On skin: On my skin, it was still subtle, but I finally got the sense of an aquatic, the little bit of salt and seaweed that comes with an ocean breeze.
    Drydown: The drydown was interesting. I don't normally love patchouli, but that in combination with the oakmoss and honeysuckle turned into something magical. Anything aquatic completely disappeared in favor of the smell of fresh soap. I really love this one, but it's so subtle, I'm not sure if I'll buy a full bottle (luckily DSH offers every scent in a variety of sizes, so maybe a 10ml roller?).
  • Paper White EdP
    Sniff: This one does open very green, not in an earthy way, but like the leafy foliage in a vase of flowers.
    On skin: There's still some green here, but a light white floral starts to appear. There are so many floral notes - narcissus, jonquil, jasmine, iris - that all mingle in a way that ensures no one of them will be distinctive enough to identify. What stands out clearly, though, is the scent of actual paper.
    Drydown: Eventually the green and floral notes disappear and leave behind the clear scent of paper. You know that satisfying feeling when you crack open a fresh blank paper notebook? This is that, but in fragrance form. Well, maybe if that notebook had also had a flower pressed in between its leaves.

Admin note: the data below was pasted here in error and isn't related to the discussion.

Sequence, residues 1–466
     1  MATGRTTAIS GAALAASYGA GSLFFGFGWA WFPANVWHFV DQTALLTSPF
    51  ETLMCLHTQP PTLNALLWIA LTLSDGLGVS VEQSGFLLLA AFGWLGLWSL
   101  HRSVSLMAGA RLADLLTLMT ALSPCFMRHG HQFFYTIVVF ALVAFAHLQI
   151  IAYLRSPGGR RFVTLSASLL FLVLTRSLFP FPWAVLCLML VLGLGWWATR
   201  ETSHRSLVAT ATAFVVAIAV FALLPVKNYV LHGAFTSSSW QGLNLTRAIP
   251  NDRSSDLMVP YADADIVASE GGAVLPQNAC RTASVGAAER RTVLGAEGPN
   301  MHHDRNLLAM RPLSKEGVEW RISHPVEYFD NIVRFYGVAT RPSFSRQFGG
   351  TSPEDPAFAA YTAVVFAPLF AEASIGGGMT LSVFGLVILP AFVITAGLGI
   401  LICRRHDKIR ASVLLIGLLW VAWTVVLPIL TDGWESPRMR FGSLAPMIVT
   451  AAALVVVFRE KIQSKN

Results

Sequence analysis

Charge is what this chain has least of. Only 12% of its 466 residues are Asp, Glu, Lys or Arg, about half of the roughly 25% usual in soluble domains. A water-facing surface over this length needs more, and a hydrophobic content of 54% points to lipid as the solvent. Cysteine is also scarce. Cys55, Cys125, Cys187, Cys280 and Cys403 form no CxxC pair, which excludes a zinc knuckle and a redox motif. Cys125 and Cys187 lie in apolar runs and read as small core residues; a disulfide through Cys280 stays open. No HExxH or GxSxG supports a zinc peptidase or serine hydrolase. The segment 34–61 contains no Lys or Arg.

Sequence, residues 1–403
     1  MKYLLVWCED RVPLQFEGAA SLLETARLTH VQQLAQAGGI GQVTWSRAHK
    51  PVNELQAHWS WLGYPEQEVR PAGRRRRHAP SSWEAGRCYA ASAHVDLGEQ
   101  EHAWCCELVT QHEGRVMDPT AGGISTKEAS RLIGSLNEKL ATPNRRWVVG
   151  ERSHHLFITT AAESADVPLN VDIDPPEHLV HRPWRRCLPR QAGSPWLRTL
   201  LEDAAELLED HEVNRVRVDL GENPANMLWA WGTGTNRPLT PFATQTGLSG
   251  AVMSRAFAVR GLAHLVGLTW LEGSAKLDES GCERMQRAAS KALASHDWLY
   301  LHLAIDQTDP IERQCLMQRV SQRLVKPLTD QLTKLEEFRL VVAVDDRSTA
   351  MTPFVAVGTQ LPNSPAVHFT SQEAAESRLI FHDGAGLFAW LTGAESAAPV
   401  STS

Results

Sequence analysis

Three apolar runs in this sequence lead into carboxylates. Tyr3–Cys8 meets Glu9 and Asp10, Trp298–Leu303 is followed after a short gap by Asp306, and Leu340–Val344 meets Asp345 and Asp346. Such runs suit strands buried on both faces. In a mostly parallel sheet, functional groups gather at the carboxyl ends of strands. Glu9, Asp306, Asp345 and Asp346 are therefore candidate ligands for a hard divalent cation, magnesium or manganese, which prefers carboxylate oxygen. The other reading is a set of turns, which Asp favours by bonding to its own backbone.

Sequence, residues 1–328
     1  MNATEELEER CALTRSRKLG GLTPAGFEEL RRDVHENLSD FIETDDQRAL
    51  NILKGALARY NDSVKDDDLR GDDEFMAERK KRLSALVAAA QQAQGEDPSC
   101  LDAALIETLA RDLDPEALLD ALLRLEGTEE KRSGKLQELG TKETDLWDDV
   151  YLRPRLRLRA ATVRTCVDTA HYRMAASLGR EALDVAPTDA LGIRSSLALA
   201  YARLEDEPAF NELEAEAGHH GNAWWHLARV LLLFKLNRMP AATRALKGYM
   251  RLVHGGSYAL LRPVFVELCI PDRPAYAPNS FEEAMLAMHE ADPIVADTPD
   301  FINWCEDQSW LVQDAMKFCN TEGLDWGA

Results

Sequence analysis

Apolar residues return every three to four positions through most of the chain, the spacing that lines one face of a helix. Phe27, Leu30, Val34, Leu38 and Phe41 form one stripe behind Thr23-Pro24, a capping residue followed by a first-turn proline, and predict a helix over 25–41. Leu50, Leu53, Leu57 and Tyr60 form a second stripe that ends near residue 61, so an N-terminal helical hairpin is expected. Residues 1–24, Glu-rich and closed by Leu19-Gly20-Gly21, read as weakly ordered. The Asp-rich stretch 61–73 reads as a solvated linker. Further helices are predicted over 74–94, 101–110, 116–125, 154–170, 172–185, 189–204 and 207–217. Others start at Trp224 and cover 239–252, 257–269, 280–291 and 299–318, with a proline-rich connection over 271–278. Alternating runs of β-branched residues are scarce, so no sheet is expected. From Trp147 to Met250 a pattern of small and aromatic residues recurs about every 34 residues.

Paper White is the fragrance I really wanted to try, but it just didn't seem right to place an order for just one small sample vial, which is why I ended up with all these other lovely, complex scents to experiment with. The writer in me is particularly happy with it - I'll almost certainly buy a full bottle - but En Vacances and Il Marinaio are also destined to take up some space on my perfume shelf.

Favorite Eye Makeup Removers

On Friday I posted a link to a news item about a woman who had not properly removed her eye makeup for years and sustained some terrible long-term eye injury as a result. I'm not going to re-post the link here - the photos are a little graphic - but the upshot is that over a period of a few decades, bits of left-behind mascara and eyeliner embedded themselves on the underside of this woman's eyelids, where they scratched her corneas and caused irritation and vision problems.

So, yeah, if you weren't already motivated to remove your makeup every night, maybe that story will do the trick?

I've been meaning to talk about eye makeup removal for a while, so I guess this is good timing. A few months ago, a work friend confessed to me that she'd been using micellar water to remove her mascara. I'm not sure that's the worst thing you could do - better to remove it somehow than to not remove it at all - but I suspect the surfactants in micellar water might be a little harsh. Wouldn't that sting if it actually got into your eyes?